In December, 1999, things got sticky. The UAW national leadership backed off. Assessing the situation, they realized that the collective bargaining petition could be easily linked to a tax increase, that their Democratic candidates in close elections would be whipsawed by demands for support and the attacks of conservative Republicans screaming "tax and spend." The UAW threw a series of maneuvers at the Local leaders: No, you cannot use Black Lake (UAW's palatial training camp in northern Michigan); No, the UAW cannot devote much attention to this; No, we won't be able to provide financial support.

The Local 6000 leadership pressed on regardless. They planned to begin the petition drive without the UAW support, and to gain enough signatures to demonstrate the viability of the campaign. They were convinced they could prevail if they could get their message to the citizens, though they had done no polling whatsoever.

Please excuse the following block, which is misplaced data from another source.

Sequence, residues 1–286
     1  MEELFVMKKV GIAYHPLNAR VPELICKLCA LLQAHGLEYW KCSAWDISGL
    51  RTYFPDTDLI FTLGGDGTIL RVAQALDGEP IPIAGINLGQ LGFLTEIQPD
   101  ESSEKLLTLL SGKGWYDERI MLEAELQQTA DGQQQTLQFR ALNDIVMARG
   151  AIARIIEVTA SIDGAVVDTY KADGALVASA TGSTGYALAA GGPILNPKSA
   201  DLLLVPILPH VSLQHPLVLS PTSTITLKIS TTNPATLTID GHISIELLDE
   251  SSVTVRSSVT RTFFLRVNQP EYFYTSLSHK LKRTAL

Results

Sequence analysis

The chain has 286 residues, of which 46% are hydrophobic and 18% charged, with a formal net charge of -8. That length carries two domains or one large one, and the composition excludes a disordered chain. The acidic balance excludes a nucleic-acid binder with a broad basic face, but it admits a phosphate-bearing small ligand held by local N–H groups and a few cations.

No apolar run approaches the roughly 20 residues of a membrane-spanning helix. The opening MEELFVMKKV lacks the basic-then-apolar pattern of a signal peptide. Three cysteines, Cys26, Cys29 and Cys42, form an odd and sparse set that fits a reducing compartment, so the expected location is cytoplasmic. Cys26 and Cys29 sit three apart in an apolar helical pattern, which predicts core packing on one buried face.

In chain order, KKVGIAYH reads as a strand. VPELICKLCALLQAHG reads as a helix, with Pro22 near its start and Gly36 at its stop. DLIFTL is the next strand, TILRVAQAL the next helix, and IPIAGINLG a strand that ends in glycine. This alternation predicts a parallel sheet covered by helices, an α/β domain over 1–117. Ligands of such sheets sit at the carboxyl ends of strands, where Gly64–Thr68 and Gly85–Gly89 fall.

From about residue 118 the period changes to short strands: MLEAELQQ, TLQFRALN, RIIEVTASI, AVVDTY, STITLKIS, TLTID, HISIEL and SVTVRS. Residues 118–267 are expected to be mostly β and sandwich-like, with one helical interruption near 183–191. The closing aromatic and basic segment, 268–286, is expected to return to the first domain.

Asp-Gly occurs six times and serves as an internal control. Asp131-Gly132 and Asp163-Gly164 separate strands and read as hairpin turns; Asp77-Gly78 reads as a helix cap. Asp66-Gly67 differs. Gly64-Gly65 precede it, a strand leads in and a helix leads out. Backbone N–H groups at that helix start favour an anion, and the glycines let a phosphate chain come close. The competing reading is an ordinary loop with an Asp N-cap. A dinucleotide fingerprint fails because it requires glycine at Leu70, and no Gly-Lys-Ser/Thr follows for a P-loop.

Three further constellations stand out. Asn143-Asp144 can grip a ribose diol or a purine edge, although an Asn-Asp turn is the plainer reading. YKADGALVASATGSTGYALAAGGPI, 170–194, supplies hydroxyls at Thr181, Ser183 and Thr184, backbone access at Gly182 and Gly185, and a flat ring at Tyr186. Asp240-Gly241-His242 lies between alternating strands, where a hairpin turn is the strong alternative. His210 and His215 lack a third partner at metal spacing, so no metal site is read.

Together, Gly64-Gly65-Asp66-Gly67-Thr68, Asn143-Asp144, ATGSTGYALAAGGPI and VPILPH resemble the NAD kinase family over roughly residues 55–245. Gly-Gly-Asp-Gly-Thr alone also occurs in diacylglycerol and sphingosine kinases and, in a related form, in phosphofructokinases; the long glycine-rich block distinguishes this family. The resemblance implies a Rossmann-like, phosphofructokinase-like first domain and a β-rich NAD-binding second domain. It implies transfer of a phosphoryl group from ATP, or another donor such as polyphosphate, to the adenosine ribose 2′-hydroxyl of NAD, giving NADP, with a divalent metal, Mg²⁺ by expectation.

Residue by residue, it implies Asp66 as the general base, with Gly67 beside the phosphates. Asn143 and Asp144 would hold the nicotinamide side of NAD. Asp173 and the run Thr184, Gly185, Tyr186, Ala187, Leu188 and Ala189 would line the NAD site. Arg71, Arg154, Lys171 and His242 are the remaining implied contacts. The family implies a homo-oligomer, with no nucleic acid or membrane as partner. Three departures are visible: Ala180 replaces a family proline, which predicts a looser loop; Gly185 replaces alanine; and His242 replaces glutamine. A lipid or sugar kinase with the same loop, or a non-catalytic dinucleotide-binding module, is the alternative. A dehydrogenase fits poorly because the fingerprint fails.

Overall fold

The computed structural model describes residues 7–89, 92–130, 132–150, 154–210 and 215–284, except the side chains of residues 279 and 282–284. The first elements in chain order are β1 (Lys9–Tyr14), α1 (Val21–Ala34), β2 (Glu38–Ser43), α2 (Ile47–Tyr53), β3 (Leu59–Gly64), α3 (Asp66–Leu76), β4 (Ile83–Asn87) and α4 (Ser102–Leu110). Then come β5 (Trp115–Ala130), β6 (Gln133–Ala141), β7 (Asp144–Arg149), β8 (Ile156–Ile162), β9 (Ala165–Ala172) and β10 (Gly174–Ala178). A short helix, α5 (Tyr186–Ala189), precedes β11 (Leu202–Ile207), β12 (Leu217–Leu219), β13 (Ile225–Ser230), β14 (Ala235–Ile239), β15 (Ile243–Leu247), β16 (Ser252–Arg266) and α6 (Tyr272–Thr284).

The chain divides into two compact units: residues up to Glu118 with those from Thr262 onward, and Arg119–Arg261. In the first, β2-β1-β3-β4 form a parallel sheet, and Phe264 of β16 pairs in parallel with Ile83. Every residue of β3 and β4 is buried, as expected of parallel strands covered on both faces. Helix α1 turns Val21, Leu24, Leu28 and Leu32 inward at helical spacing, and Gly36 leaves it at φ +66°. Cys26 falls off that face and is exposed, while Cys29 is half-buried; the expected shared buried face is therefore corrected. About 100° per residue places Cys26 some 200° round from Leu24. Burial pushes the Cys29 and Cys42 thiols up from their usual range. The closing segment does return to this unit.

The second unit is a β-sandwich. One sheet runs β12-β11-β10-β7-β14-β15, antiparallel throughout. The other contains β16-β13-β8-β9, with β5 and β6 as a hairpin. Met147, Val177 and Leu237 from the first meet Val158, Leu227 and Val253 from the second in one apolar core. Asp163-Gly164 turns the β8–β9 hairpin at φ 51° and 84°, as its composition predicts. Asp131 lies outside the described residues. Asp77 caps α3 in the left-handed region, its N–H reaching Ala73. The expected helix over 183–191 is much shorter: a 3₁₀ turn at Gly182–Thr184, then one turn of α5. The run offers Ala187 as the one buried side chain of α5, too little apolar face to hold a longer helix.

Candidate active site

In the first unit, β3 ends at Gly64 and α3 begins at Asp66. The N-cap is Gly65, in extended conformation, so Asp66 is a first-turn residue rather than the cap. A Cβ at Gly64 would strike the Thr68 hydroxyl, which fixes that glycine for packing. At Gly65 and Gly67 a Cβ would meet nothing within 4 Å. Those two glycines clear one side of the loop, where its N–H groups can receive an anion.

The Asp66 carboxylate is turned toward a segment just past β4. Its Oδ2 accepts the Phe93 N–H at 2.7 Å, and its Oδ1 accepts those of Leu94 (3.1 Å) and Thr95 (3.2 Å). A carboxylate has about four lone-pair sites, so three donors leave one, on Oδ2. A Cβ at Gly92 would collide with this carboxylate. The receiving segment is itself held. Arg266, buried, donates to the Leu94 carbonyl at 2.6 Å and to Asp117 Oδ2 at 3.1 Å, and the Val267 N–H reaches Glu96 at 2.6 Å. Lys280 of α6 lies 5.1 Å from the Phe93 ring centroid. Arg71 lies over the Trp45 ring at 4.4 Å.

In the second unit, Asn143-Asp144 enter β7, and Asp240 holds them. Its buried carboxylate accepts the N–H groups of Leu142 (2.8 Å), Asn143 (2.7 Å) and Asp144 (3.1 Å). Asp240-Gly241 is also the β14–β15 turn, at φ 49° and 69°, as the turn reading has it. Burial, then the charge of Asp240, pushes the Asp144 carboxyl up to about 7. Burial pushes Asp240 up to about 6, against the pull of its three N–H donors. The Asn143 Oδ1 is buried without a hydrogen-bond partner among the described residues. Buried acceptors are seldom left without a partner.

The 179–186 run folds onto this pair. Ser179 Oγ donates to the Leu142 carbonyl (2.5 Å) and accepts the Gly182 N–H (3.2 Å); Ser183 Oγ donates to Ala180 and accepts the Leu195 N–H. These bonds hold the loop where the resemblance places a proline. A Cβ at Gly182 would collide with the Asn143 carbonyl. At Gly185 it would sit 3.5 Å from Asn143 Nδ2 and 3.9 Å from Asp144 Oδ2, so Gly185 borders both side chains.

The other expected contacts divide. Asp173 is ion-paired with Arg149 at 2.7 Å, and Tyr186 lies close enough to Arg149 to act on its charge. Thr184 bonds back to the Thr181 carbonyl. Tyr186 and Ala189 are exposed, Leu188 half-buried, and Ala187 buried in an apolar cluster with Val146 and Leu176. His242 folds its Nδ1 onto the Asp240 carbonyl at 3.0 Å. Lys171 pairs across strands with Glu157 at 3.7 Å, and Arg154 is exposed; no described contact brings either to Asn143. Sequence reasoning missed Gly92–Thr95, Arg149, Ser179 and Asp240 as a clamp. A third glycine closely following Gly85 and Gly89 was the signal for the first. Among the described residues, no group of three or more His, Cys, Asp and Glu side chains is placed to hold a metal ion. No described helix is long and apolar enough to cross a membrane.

The UAW got tough. Top UAW officers called the Local 6000 leadership to a meeting. They informed the local officials that they were jeopardizing the UAW's electoral plans, that they would get no UAW or AFL support. To the contrary, a letter would be circulated to every local in the AFL, urging rejection of the petition. Furthermore, they hinted that local leaders who would be so irresponsible to do a thing like this were clearly financially corrupt. The local could be seized and they could be jailed. On the other hand, the UAW promised to think about supporting the proposal in 2002, although they noted there is a gubernatorial election then. They did offer up Black Lake, for training to be determined. The Local 6000 leaders, furious but overwhelmed, caved in. There will be no petition for collective bargaining in Michigan. Instead, they will be conducting a campaign for Al Gore-from Black Lake. And, in the year 2002, they say they will try again since, "There is nothing else to do. We have gone limp." Meanwhile, they have notified the rank and file, in worker to worker meetings, that the UAW sold them out.